(JNS) Israeli National Security Minister Itamar Ben-Gvir visited the Temple Mount in Jerusalem’s Old City early on Tuesday morning. It was his first visit to Judaism’s holiest site since assuming his post last week.
— The Jewish Voice (@JewishVoice) January 3, 2023
“Our government will not surrender to threats from Hamas,” said Ben-Gvir in reference to the Palestinian terrorist group, which had vowed to “not stand idly by” and instead “ignite the region” if the minister visited the site in Israel’s capital.
“The Temple Mount is the most important place for the people of Israel,” Ben-Gvir noted during his visit, adding: “We maintain the freedom of movement for Muslims and Christians, but Jews also go up to the site, and those who make threats must be dealt with with an iron fist.”
Ben-Gvir met on Monday night with Prime Minister Benjamin Netanyahu, following which reports surfaced that the prospective visit to the Temple Mount would be delayed, if not altogether nixed.
High-ranking members of the Israel Police, including Police Commissioner Yaakov Shabtai, had earlier in the day reportedly discussed Ben-Gvir’s intention to visit the site in Jerusalem’s Old City.
For its part, the Palestinian Authority on Tuesday condemned the visit, describing it as an “unprecedented provocation.”
“Netanyahu bears responsibility for this attack on al-Aqsa,” the P.A. Foreign Ministry said in a statement.
The previous day, Ramallah had said that changes by Israel to the status quo at the Temple Mount would be a “declaration of war with serious consequences for everyone.”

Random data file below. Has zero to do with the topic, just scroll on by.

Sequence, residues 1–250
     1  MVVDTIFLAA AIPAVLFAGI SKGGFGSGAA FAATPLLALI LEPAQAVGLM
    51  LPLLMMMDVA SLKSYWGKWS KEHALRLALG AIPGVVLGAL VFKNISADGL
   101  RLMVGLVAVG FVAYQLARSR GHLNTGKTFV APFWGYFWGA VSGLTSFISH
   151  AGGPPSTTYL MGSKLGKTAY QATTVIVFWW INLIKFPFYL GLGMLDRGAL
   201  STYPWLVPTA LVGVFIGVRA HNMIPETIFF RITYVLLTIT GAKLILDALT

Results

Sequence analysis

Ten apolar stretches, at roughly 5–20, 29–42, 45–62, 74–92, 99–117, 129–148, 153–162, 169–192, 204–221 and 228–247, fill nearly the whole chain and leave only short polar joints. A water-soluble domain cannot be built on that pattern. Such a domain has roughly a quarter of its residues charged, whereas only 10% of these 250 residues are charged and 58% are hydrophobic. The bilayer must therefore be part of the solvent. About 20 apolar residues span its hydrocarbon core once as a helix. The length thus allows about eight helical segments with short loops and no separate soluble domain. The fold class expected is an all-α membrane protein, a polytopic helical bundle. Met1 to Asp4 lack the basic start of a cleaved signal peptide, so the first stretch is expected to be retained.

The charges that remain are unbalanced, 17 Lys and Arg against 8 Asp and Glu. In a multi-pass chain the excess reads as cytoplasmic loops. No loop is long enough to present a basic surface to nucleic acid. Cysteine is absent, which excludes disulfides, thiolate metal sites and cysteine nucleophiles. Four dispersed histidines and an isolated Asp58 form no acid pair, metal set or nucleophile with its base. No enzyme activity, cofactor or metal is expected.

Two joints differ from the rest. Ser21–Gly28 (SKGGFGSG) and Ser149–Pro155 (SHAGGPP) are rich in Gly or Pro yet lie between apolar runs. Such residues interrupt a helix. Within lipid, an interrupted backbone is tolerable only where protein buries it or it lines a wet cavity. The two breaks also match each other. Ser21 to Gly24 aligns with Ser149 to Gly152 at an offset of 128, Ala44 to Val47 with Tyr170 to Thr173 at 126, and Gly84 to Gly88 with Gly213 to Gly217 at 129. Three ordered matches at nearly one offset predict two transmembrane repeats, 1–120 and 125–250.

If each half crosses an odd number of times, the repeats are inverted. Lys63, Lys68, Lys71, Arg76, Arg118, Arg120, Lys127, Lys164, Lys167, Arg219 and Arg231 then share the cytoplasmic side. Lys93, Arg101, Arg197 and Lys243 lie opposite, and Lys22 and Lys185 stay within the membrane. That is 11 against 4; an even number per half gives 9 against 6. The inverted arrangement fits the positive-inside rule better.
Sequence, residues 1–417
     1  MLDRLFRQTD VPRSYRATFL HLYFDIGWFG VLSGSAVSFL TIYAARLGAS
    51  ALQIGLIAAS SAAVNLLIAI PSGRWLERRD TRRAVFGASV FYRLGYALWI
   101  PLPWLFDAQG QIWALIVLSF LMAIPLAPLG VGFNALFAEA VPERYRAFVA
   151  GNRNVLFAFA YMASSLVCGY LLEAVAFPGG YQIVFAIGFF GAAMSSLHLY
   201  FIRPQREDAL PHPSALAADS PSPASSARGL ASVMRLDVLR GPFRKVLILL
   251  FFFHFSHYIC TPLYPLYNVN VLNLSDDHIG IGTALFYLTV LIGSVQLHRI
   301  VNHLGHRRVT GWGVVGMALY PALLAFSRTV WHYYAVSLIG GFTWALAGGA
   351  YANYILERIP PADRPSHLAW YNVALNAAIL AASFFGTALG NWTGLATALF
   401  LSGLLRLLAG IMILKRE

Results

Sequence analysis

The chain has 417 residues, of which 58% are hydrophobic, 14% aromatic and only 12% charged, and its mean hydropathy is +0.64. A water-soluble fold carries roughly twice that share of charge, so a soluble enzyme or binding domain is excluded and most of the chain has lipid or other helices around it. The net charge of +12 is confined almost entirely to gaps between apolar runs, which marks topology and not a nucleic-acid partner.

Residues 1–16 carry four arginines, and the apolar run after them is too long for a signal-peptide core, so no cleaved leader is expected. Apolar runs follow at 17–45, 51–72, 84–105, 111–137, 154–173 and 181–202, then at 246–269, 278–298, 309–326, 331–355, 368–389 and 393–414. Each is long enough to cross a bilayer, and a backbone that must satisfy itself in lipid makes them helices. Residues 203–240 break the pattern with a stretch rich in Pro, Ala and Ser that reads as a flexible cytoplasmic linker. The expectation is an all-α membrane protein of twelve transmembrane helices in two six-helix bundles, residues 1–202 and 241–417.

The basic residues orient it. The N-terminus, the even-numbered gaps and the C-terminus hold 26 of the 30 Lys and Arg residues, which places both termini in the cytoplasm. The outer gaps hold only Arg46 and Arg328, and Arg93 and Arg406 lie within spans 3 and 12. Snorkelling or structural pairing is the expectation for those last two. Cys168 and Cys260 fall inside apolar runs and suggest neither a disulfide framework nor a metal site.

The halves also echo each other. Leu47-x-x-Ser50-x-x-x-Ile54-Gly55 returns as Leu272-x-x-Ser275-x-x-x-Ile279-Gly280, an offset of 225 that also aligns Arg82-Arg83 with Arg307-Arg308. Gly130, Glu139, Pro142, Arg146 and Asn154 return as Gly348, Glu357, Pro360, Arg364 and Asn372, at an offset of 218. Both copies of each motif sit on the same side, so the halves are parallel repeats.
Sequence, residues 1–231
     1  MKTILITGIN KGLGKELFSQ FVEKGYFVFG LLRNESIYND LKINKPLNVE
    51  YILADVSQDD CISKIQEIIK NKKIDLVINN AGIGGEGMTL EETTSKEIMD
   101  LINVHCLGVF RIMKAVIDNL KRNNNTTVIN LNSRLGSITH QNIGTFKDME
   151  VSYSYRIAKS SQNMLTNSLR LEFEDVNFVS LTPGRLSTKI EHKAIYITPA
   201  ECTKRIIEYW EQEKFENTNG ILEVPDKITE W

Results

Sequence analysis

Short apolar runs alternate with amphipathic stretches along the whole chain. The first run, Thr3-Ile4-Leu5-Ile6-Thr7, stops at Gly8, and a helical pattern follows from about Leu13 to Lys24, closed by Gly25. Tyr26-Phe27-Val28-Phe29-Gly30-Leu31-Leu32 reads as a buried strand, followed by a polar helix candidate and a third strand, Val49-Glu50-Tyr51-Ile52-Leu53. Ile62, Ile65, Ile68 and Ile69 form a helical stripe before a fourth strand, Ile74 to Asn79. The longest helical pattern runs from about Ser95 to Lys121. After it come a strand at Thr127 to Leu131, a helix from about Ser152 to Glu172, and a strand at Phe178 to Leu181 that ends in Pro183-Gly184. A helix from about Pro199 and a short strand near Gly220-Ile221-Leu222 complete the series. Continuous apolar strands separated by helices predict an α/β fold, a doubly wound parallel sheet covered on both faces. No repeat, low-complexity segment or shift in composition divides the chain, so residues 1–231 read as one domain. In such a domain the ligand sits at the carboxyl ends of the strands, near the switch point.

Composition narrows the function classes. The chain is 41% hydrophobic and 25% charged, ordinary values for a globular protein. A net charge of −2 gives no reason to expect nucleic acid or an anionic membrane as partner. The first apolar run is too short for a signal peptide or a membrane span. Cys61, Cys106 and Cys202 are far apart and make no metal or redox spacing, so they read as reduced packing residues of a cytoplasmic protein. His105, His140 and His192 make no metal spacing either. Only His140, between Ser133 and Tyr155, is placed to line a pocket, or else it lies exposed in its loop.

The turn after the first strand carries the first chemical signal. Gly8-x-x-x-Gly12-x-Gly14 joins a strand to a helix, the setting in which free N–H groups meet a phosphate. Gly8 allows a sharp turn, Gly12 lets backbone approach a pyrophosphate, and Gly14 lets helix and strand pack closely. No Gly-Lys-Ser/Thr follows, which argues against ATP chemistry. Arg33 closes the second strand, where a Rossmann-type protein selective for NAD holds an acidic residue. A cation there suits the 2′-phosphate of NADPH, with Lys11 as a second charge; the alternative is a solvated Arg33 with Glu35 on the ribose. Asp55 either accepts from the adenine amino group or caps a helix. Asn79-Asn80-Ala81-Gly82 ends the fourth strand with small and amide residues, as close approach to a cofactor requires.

Former Israeli premier and current opposition leader Yair Lapid on Monday had warned against Ben-Gvir’s proposed visit, saying he “must not go up to Temple Mount. It is a deliberate provocation that will put lives in danger and cost lives. As weak as Netanyahu is, he must, at least this time, stand up and tell him, ‘You are not going to the Temple Mount.’ People will die.”
The opposition head suggested that only regular lawmakers and not ministers could visit the Mount, saying that otherwise it would “be viewed by the whole world as breaking the status quo, even if it’s not.”
A longtime advocate for Jews being allowed to freely visit and pray at their holiest site, Ben-Gvir vowed on the campaign trail to change the existing status quo preventing them from doing both.
Currently, Jews can only visit the Mount during short windows of time, and are prohibited from worshiping so as to not upset Muslims, who regularly riot at the site.
Ben-Gvir’s visit comes on the 10th day of the month of Tevet on the Hebrew calendar, a fast day commemorating the events that led to the destruction of the biblical Temple.